My writing assistant, Zachary Kieser, and I are having so much fun coming up with these Punctuation Puzzles! They are interesting ways to brush up on grammar and usage skills that you might be rusty on—and great for junior high and high school students to do with you since the answers are explained thoroughly. Add this to your school day for more learning fun with your kids!
With school just around the corner (don’t you love the smell of those new binders???), I thought I would offer some printables that can help you in your school prep. One of the things I have each of my writing students be sure they have in their binders is a copy of my Proofreaders’ Marks page. I edit their papers with these proofreaders’ marks, and I want them to have the “cheat sheet” to refer to and learn from right at their fingertips. Students as young as third grade can learn the first few/basic ones. They will learn more and more of them as they write and as you edit their papers using these simple marks.
Before I show you the basic proofreaders’ marks that I use in my books and classes (and give you the printable version to print off for your school), I want to share a funny version of proofreaders’ marks that are floating around the internet. It is attributed to Tom Weller in 1987. It is said to have hung in many print houses in the eighties and nineties—sometimes with certain parts circled and emphasized when editors had, had it with certain errors! It’s a comical look at proofreaders’ marks—and I’m super thankful that we don’t have such extensive lists for students today! 🙂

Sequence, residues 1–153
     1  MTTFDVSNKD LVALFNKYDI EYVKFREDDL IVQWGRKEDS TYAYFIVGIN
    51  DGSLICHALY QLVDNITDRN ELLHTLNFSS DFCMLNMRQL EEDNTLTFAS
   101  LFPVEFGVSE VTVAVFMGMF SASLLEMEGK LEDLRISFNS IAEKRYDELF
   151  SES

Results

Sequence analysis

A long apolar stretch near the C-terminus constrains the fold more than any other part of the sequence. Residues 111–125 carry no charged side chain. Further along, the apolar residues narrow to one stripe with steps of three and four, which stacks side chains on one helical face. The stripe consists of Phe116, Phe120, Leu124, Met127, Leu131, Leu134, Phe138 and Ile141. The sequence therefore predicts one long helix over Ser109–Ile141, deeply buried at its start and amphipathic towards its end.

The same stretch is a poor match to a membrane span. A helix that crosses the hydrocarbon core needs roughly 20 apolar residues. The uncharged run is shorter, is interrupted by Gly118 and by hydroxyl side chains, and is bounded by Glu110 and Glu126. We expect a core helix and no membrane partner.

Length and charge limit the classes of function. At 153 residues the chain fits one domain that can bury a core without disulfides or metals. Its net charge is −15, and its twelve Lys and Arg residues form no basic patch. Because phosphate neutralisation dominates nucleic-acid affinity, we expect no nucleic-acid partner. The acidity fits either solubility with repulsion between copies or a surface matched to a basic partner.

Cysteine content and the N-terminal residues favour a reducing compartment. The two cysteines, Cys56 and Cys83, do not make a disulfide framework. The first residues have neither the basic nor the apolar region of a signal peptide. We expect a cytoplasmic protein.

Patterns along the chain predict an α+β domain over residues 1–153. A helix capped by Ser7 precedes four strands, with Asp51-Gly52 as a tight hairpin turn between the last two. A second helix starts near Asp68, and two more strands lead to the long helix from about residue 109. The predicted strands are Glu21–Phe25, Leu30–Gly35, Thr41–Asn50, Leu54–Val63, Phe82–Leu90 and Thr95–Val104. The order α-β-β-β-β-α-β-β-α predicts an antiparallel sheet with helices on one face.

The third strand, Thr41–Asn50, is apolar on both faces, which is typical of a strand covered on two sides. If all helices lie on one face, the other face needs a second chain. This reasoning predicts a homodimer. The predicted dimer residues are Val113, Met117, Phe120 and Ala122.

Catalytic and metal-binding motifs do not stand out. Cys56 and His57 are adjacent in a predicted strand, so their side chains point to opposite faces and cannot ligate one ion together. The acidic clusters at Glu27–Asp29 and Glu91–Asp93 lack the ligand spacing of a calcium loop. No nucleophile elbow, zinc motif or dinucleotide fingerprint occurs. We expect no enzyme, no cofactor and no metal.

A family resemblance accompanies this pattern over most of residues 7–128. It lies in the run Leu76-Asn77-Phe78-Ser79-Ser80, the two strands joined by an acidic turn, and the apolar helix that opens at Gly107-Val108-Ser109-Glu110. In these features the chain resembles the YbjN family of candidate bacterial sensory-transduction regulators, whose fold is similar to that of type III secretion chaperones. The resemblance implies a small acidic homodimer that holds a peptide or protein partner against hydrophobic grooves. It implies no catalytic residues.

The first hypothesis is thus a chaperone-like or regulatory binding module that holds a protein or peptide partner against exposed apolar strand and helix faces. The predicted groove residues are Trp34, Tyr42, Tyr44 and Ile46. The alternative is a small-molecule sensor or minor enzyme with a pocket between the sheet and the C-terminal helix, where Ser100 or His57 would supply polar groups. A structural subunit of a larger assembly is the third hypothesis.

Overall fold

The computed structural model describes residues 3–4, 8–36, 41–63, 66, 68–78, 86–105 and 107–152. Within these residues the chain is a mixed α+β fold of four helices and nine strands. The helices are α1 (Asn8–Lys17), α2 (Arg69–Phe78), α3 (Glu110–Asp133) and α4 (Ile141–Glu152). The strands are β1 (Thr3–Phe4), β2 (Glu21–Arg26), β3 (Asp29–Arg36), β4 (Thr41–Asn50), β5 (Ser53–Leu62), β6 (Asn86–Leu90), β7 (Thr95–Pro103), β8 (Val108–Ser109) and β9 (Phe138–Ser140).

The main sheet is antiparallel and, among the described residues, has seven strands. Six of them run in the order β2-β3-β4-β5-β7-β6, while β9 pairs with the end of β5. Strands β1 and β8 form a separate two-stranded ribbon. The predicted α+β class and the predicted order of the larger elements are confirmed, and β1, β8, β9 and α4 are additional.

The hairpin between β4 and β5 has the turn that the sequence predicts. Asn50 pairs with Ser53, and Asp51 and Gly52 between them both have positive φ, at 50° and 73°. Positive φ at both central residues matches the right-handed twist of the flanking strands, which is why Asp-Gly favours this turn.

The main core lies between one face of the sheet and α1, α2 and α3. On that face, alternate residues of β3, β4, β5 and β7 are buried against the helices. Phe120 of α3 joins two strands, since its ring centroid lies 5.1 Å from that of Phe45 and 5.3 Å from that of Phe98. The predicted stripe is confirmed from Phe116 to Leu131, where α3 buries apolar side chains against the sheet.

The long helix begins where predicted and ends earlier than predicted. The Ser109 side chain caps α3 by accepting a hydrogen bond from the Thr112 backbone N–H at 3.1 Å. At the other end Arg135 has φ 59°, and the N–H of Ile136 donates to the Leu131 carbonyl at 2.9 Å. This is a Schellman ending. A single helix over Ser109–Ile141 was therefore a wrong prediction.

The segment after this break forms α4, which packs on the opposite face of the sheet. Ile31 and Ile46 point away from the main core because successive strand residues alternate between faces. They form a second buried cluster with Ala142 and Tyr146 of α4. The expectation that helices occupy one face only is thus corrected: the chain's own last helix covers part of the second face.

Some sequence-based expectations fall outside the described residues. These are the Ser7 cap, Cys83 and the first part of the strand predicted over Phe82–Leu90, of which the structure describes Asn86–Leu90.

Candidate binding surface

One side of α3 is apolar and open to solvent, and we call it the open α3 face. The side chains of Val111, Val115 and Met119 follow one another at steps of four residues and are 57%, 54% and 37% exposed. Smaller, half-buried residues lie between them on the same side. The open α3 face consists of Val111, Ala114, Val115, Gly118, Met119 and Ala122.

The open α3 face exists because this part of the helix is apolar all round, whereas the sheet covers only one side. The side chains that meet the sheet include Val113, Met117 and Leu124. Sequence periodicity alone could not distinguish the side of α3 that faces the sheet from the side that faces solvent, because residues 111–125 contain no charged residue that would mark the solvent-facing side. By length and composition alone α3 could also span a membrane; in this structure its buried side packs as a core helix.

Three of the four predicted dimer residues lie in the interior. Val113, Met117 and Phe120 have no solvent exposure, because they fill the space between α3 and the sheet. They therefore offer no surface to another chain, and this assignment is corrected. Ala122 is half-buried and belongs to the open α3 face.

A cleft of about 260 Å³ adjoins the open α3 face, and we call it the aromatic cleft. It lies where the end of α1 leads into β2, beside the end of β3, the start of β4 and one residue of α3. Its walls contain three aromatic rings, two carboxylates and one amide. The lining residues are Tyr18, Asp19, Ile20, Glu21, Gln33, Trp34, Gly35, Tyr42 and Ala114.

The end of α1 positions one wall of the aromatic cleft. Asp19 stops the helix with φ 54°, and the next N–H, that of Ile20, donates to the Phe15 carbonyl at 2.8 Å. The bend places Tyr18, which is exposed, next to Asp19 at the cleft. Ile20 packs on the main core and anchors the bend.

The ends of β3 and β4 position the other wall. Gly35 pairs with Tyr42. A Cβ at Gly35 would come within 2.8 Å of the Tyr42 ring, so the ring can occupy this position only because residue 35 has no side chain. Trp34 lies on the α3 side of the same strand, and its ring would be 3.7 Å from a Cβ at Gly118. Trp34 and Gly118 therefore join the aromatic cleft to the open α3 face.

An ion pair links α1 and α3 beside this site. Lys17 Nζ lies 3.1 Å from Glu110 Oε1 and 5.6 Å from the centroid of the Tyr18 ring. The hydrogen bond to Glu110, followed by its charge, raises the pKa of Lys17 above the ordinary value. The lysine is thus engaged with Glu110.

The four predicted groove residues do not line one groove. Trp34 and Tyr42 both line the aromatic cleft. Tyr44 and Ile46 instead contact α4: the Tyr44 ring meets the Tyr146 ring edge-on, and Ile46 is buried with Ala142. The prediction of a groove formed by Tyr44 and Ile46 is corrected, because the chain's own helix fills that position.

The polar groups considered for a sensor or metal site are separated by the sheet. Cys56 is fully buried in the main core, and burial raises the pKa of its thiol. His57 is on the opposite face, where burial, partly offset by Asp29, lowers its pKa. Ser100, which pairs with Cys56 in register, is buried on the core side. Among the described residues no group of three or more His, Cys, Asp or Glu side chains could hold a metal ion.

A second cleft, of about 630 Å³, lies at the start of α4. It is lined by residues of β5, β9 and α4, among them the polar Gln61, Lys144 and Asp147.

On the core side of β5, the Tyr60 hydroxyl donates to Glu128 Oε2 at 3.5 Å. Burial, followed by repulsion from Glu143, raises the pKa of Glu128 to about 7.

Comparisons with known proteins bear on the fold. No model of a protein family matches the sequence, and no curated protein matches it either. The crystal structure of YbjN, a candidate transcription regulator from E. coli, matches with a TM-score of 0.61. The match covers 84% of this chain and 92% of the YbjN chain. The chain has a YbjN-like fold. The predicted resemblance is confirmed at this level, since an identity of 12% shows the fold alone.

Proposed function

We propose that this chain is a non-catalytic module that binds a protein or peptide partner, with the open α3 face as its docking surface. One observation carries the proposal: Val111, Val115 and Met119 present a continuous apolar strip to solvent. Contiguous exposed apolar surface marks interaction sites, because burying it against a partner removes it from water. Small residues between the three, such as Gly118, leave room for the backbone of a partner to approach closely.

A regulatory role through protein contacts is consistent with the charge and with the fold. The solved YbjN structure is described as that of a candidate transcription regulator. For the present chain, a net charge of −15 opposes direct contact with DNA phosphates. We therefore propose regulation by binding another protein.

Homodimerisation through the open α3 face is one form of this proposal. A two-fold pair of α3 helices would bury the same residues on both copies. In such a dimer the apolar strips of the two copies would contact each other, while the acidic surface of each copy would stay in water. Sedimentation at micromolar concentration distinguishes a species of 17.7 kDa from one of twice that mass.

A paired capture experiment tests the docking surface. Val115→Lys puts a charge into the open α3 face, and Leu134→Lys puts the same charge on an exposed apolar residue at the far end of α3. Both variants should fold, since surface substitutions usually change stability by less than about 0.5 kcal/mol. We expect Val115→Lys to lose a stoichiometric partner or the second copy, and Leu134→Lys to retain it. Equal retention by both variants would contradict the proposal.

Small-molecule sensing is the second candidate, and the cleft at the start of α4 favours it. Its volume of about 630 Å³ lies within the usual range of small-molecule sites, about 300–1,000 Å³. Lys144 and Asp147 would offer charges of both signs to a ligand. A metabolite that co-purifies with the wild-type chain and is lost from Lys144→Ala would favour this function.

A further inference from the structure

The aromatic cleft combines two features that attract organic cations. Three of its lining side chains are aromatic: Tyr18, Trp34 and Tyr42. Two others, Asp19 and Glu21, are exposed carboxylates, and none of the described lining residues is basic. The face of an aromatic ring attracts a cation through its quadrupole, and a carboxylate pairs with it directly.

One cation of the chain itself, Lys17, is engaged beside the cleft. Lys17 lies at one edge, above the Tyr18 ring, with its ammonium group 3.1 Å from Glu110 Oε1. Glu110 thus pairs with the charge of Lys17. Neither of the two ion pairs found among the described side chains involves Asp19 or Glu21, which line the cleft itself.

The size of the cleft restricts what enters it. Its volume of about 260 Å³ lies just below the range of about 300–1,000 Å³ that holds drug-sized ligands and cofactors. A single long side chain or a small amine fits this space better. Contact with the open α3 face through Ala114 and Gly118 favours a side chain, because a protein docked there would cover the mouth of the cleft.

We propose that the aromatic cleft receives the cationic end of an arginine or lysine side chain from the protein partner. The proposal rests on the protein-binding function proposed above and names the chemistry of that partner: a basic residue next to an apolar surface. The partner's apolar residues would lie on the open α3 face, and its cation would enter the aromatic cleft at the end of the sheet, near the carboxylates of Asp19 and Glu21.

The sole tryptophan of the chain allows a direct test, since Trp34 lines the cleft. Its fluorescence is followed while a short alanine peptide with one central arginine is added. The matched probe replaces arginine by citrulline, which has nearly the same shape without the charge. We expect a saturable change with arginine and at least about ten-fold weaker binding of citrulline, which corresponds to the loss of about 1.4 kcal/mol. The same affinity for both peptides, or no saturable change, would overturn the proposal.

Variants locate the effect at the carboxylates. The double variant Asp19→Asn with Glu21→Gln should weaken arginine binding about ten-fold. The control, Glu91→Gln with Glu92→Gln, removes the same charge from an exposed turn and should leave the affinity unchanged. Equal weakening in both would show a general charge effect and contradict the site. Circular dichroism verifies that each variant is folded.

No, our marks are much simpler. Here are the ones we use:
And….here is the printable version of the Proofreaders’ Marks for you to use with your students, on your class bulletin board, your teacher binder, etc. Happy proofreading! 🙂
Love and hope,
P.S. What common errors do your students make that you would like help in teaching? Homophones? Commas? Paragraph breaks? I’d love to help you!
We were lead into this little room which really peaked our curiosity and then we were surprised by they’re generosity
We were LED:
(1) Lead with a short e (rhymes with head) is a metal or pencil lead; (2) Led is the past tense of lead (rhymes with bead).
“Susie and me are coming at ten.” How many times do we tell our kids (or students) that it should be Susie and I?
It sounds simple. Even the rule seems simple: Use I in the subjective position (when used as the sentence’s subject). Use me in the objective position (when used as an object—give it to me).
But pronoun use is way more complex than the correcting of our kids when they use me as one of the subjects.
Have you been studying your Wacky Words “there, their, and they’re”? Are you ready for a pop quiz?